UBC Theses and Dissertations

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UBC Theses and Dissertations

La puissance de l'art poétique d'Alfred de Vigny McLeman Carnie, Janette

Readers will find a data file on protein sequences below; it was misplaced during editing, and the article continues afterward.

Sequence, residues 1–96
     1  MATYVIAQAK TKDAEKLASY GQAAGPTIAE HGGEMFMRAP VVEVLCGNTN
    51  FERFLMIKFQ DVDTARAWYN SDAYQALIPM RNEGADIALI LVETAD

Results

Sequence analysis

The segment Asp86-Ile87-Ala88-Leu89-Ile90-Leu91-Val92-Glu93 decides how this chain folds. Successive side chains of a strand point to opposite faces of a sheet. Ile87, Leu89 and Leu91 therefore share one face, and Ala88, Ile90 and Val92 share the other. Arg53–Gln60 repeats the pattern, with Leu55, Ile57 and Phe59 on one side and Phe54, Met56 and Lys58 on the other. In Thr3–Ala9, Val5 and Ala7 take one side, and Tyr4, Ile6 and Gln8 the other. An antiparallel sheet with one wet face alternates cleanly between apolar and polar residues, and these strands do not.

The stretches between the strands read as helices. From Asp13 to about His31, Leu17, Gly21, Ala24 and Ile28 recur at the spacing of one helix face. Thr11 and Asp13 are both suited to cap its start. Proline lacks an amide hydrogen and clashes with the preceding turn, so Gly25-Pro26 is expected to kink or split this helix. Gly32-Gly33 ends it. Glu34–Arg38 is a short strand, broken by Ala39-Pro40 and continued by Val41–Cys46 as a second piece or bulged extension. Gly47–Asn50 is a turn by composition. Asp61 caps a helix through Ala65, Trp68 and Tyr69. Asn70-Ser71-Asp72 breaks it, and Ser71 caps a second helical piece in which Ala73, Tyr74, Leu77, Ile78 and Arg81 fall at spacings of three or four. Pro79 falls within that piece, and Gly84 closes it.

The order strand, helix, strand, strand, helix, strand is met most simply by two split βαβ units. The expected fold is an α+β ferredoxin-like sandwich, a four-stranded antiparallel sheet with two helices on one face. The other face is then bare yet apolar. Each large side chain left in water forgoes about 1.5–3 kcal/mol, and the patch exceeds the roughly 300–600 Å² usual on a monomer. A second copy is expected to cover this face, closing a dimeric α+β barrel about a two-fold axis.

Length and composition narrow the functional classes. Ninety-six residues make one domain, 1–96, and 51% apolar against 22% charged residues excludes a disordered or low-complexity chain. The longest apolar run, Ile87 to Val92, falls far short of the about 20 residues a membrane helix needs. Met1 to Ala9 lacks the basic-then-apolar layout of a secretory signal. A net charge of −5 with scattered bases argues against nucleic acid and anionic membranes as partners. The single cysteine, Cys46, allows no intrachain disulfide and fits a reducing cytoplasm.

Much has been written about Les Destinees of Alfred de Vigny. Both his singular style and the philosophical content of his poems distinguish him from other Romantic poets of the nineteenth century. He was an ingenious and imaginative poet whose deepest reflections were expressed by means of allegories and symbols. This study attempts to demonstrate how the poet communicates his philosophy through symbolic language. In spite of his artistic genius, Vigny would remain dissatisfied with his talent throughout his life. In chapter I, a detailed analysis of La Flûte reveals -Vigny's duality of character (poete-philosophe) and his fundamental need to attain perfection in his life. As a gifted man, he experienced estrangement from the rest of society. He considered himself a prophet and as such demanded veneration, indeed immortalisation from his fellow man. Chapter II deals with the chosen man's struggle to survive in a hostile environment. The genius finds little solace in life. Faced with a silent God ("Mais le ciel reste noir, et Dieu ne repond pas."), the poet turns to the real world for spiritual comfort. Vigny's scepticism concerning metaphysical issues caused him great anguish. He was unable to accept unreservedly the existence of God and to embrace the enigmas of the Christian doctrine. Guilt and despair are thus intrinsic elements in his poetry. In chapter III, we witness the development of a new religion: the Word of God is replaced by the Word of the poet which is based on truth, reason and justice. According to Vigny, truth and goodness are to be found only on earth and man alone controls his destiny. Vigny's poetry attests the enlightened man's struggle to assuage mankind's poignant existence. Chapter IV reveals the poet's compassion for humanity and his firm belief in man's goodness. The poet did not attempt to conceal his contempt for injustice and political regimes. The superior individual (Homme de l'Esprit) will, however, vanquish evil. Truth will eradicate ignorance, justice will prevail and man will embrace the highest virtues of human existence. Such was the dream of Alfred de Vigny. He was regal both as a man and as a poet. True, his philosophy is primarily pessimistic for there is much ugliness in the world. Nonetheless, Vigny demonstrates, through Les Destinies, that beauty also exists and man will find it in his constant struggle to maintain order, dignity and honour in life.

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